Canada’s main stock market notched on Friday its biggest gain since October 2008, as Canada ramped up stimulus to ease the economic impact of the coronavirus outbreak, while the Canadian dollar edged higher after hitting an earlier four-year low.
The Bank of Canada unexpectedly cut its overnight rate by 50 basis points to 0.75 per cent, its second half-point cut in nine days, and the government said it would offer C$10 billion in credit support to businesses.
Hopes of coordinated stimulus from world governments boosted stocks globally after several sessions of sustained, heavy losses on expectations of a global slowdown that could be prolonged.
U.S. President Donald Trump declared a national emergency to help facilitate increased funding to combat the virus.
The Dow Jones Industrial Average rose 833.72 points, or 3.93 per cent, to 22,034.34, the S&P 500 gained 93.62 points, or 3.77 per cent, to 2,574.26 and the Nasdaq Composite added 257.23 points, or 3.57 per cent, to 7,459.04.
Meanwhile, the Toronto Stock Exchange Composite Index closed up 9.7 per cent at 13,716.33, recovering some ground after a record decline on Thursday. For the week, the index was down 15.2 per cent, its biggest drop since October 2008.
Nine of the TSX’s 10 main groups were higher, led by a near 15 per cent gain for the heavily-weighted financial services sector, while energy was up 10.6 per cent.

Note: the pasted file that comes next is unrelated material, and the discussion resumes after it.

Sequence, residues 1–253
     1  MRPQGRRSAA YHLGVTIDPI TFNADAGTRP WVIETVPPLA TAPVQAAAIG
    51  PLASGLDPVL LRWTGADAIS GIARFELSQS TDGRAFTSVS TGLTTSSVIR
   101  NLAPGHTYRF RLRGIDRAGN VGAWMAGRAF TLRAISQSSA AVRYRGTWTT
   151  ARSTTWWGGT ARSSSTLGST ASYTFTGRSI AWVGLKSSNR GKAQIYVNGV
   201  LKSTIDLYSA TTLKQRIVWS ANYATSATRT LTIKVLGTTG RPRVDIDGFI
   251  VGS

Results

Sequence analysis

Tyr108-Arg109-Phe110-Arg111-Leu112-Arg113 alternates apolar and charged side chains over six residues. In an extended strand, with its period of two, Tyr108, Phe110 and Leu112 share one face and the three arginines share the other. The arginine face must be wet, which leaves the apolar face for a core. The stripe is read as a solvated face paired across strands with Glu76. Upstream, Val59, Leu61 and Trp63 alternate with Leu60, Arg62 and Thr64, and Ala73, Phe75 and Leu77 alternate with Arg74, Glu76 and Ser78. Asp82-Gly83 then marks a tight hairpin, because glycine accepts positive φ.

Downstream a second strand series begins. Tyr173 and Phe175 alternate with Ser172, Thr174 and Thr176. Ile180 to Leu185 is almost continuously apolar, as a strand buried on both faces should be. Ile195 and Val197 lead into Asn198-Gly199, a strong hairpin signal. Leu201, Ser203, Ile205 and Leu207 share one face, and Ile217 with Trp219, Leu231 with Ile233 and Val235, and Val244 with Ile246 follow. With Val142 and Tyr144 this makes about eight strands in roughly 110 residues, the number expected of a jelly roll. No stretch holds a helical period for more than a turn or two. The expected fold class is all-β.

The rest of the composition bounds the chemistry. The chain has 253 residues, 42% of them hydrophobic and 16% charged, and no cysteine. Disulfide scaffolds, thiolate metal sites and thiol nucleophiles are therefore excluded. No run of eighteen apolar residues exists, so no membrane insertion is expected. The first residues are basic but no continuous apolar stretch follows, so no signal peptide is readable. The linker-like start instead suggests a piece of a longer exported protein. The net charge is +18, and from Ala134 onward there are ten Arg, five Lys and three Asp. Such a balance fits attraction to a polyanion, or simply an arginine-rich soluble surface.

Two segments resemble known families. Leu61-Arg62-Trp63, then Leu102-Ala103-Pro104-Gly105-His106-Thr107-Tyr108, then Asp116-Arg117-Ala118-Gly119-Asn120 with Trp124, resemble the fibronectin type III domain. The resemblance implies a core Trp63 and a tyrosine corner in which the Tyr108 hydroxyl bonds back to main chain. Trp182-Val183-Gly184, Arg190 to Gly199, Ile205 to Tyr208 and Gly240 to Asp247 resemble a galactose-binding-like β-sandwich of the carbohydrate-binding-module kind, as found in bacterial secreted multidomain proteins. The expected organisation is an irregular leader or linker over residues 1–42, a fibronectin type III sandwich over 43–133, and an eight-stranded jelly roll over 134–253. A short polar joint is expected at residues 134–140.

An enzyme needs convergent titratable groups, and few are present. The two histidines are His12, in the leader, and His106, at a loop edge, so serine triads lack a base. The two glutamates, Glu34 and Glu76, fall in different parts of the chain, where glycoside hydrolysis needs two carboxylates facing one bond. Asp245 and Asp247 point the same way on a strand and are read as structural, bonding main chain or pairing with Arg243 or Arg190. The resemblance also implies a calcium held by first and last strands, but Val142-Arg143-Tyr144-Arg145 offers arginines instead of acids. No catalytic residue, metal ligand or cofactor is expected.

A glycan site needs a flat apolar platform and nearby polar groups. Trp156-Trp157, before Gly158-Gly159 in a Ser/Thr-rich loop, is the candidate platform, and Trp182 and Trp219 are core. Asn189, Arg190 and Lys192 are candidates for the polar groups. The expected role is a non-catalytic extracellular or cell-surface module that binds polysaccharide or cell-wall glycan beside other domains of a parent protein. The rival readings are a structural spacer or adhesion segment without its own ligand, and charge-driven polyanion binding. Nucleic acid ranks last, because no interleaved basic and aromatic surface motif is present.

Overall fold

The price of oil, one of Canada’s major exports, had its biggest weekly slide since the 2008 financial crisis despite settling 0.7 per cent higher on Friday, as the coronavirus outbreak threatened demand and crude producers promised more supply.
Despite prospects for stimulus, economists see potential for Canada’s economy to slip into recession.
“We’re penciling in two negative quarters in Q2 and Q3 at this point,” said Nathan Janzen, a senior economist at Royal Bank of Canada “Negatives from the virus and the oil price shock are too much to keep growth positive.”
Money markets expect the Bank of Canada to ease by an additional 25 basis points at its next scheduled rate announcement on April 15.
The Canadian dollar was trading 0.6 per cent higher at 1.3840 to the greenback, or 72.25 U.S. cents, having touched its weakest intraday level since February 2016 at 1.3996.
Canadian government bond yields rose across a steeper yield curve, with the 10-year yield up 25.3 basis points at 0.846 per cent. On Monday, the 10-year yield hit a record low at 0.233 per cent.